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A Review Of The 4+1 Accelerated Masters Degree Program:Student Awareness Presages Student Opportunities

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2008 Annual Conference & Exposition


Pittsburgh, Pennsylvania

Publication Date

June 22, 2008

Start Date

June 22, 2008

End Date

June 25, 2008



Conference Session

New Trends in Graduate Engineering Education

Tagged Division

Graduate Studies

Page Count


Page Numbers

13.97.1 - 13.97.8

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Paper Authors


Daniel Walsh California Polytechnic State University

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Daniel Walsh is currently Associate Dean of the College of Engineering at California Polytechnic State University, San Luis Obispo. He received his B.S. (Biomedical Engineering) , M.S. (Biomedical Engineering) and Ph.D. (Materials Engineering) degrees from Rensselaer Polytechnic Institute in Troy, New York. Prior to joining Cal Poly, Dr. Walsh was employed by General Dynamics Corporation, as a principal engineer and group leader in the Materials Division.

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Stacey Breitenbach California Polytechnic State University

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Stacey Breitenbach is currently Assistant Dean for Advising and Student Success Initiatives at the College of Engineering at California Polytechnic State University, San Luis Obispo. She received her B.S. and M.A. from California Polytechnic State University, San Luis Obispo. Prior to becoming Assistant Dean, she was the Executive Director of the College of Engineering Advising Center.

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NOTE: The first page of text has been automatically extracted and included below in lieu of an abstract

A Review of the 4+1 Accelerated Masters Degree Program: Student Awareness Presages Student Opportunities


The 4 + 1 Program is an accelerated route to the professional masters (MS) degree. In many evolving technical areas, four years is not enough time for the formal education of an engineer about to enter a lifelong career of professional practice, even when the individual is committed to life long learning. The 4 + 1 program started in the General Engineering program in 1996 and now allows General Engineering, Aeronautical Engineering, Mechanical Engineering, Electrical Engineering, Industrial Engineering, Manufacturing Engineering, Computer Science, Computer Engineering, Civil and Environmental Engineering, and Materials Engineering students to progress toward the terminal applied MS in Engineering degree appropriate to their interests, or in existing specializations in Biochemical Engineering, Bioengineering, Biomedical Engineering, Integrated Technology Management, while still undergraduates.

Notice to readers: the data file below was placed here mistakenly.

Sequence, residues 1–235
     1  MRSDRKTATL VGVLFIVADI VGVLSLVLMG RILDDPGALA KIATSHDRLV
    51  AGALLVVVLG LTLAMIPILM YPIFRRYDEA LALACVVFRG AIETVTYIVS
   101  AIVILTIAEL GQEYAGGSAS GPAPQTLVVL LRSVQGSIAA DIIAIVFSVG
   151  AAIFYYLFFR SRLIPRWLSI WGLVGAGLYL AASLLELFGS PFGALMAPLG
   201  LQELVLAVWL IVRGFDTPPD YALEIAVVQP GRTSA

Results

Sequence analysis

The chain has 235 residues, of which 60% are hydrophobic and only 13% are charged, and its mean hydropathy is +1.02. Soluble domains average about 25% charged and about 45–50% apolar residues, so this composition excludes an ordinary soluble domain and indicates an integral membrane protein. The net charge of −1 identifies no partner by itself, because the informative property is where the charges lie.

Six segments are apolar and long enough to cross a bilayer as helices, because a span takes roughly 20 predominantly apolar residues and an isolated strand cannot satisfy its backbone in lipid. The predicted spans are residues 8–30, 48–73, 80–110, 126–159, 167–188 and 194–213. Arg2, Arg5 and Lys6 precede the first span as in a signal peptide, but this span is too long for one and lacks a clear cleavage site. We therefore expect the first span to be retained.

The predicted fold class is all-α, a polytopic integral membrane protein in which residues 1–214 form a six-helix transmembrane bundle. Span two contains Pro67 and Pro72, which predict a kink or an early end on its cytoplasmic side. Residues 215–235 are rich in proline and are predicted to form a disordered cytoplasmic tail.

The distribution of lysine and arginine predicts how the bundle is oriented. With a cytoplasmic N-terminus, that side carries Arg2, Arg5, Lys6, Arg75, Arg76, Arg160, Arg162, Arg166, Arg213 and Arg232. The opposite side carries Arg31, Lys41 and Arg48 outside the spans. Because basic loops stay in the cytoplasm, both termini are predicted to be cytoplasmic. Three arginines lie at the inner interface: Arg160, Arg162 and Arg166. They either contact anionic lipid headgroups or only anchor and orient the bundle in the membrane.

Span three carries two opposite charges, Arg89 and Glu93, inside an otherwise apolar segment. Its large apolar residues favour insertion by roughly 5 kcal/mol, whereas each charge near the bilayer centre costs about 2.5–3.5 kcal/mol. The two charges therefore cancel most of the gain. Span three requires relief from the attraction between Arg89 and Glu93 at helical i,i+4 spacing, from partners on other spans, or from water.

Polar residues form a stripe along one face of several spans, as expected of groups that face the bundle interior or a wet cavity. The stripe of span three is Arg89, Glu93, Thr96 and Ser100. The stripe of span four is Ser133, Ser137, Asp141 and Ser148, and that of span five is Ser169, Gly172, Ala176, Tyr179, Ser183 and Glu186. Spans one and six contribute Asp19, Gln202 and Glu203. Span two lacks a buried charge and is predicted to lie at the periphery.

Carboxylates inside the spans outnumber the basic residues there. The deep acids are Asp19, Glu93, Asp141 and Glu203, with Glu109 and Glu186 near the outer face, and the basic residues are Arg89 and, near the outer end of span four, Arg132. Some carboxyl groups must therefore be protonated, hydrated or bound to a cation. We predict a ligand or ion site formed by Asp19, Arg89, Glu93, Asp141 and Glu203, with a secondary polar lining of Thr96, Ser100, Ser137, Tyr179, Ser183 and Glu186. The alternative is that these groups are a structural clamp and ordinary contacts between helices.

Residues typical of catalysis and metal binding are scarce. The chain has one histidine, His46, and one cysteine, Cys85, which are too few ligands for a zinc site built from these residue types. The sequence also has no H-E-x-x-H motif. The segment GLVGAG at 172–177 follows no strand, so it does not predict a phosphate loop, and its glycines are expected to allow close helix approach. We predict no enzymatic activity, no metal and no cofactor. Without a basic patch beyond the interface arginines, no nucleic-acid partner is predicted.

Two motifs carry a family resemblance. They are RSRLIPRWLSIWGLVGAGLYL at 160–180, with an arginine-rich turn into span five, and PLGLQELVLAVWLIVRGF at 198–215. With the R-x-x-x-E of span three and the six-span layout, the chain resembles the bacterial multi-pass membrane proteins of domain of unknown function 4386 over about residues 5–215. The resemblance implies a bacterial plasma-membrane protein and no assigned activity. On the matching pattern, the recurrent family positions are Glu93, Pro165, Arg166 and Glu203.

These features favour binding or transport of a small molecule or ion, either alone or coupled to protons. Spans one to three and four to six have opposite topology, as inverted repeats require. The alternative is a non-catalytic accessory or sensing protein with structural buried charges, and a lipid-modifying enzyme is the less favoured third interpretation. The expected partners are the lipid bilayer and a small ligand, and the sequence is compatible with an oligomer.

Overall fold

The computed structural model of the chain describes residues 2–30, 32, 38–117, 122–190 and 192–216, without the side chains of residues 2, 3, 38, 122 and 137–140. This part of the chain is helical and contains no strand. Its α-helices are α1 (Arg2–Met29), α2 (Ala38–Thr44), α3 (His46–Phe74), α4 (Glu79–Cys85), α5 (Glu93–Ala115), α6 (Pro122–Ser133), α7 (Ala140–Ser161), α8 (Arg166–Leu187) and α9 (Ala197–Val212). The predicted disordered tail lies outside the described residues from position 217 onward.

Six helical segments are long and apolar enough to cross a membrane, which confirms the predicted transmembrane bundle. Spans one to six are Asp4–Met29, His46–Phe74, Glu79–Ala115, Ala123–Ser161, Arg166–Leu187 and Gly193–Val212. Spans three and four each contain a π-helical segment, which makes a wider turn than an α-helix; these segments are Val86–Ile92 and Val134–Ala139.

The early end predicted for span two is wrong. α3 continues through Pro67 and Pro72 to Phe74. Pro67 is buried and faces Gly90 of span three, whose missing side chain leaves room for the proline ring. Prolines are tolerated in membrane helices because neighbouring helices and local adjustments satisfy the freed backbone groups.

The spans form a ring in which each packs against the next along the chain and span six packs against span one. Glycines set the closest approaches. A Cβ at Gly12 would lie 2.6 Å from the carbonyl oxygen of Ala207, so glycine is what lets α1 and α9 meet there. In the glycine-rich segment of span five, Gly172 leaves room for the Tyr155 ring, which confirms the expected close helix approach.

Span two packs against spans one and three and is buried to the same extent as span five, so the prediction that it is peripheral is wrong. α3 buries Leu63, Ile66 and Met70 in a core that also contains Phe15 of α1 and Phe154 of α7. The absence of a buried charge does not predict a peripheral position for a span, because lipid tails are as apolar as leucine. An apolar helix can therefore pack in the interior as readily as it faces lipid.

This paper describes the implementation of the 4+1 blended dual-degree program offered in the College of Engineering, and the outcomes it has produced for students. This program was designed to fill the needs of students, the needs of society and the needs of industry. Ten years after its formal implementation, results indicate that the program is achieving many of its goals. Data indicates that the 4+1 provides a win-win situation for all participants, and has been strongly supported by students, faculty and industry. The program has dramatically increased the number of students pursuing advanced degrees at our primarily undergraduate institution. Data presented in the paper also show that the program has met its original objectives, to provide an accelerated route to an empowering terminal professional degree for students who intend to become practicing engineers, to provide an accelerated route to job-entry education for the more complex and evolving interdisciplinary areas of engineering, and to provide an accelerated route to preparation for further study in engineering, leading to the Doctor of Engineering or Ph.D. degree.


The Council of Graduate Schools in the United States presents the following statement: "Master's programs are intended to answer the personal needs of the student and the special needs of society that are not satisfied by the Baccalaureate program - needs that can only be met by more advanced and specialized study in a particular field. Candidates need such programs to prepare for scholarly or professional careers or perhaps merely to slake a thirst for further knowledge. Society, in turn, has a need for scholars, scientists, teachers, and professionals in a multitude of fields, and for generally well-educated men and women whatever their walk of life." This is an excellent definition, it implies a matching of needs and a win-win situation for the degree candidate and the society that will place value on their education. As academics we must recognize these needs and strive to find suitable candidates for our graduate programs and to match them to societal demand.

ASEE holds the copyright on this document. It may be read by the public free of charge. Authors may archive their work on personal websites or in institutional repositories with the following citation: © 2008 American Society for Engineering Education. Other scholars may excerpt or quote from these materials with the same citation. When excerpting or quoting from Conference Proceedings, authors should, in addition to noting the ASEE copyright, list all the original authors and their institutions and name the host city of the conference. - Last updated April 1, 2015